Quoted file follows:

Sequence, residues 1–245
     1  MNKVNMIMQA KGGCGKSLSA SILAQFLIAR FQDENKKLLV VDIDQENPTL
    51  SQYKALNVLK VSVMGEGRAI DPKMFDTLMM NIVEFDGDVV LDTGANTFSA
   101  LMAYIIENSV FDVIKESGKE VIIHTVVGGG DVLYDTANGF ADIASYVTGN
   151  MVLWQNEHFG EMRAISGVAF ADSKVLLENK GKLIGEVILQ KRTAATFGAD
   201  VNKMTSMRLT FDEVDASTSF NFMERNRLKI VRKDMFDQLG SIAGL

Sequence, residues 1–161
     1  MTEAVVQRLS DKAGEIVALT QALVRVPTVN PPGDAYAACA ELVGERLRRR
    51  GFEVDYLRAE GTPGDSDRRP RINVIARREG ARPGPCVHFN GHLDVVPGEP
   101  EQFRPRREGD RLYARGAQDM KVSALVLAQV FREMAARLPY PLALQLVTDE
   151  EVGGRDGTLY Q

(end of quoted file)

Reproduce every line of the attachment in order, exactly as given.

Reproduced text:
Sequence, residues 1–245
     1  MNKVNMIMQA KGGCGKSLSA SILAQFLIAR FQDENKKLLV VDIDQENPTL
    51  SQYKALNVLK VSVMGEGRAI DPKMFDTLMM NIVEFDGDVV LDTGANTFSA
   101  LMAYIIENSV FDVIKESGKE VIIHTVVGGG DVLYDTANGF ADIASYVTGN
   151  MVLWQNEHFG EMRAISGVAF ADSKVLLENK GKLIGEVILQ KRTAATFGAD
   201  VNKMTSMRLT FDEVDASTSF NFMERNRLKI VRKDMFDQLG SIAGL

Sequence, residues 1–161
     1  MTEAVVQRLS DKAGEIVALT QALVRVPTVN PPGDAYAACA ELVGERLRRR
    51  GFEVDYLRAE GTPGDSDRRP RINVIARREG ARPGPCVHFN GHLDVVPGEP
   101  EQFRPRREGD RLYARGAQDM KVSALVLAQV FREMAARLPY PLALQLVTDE
   151  EVGGRDGTLY Q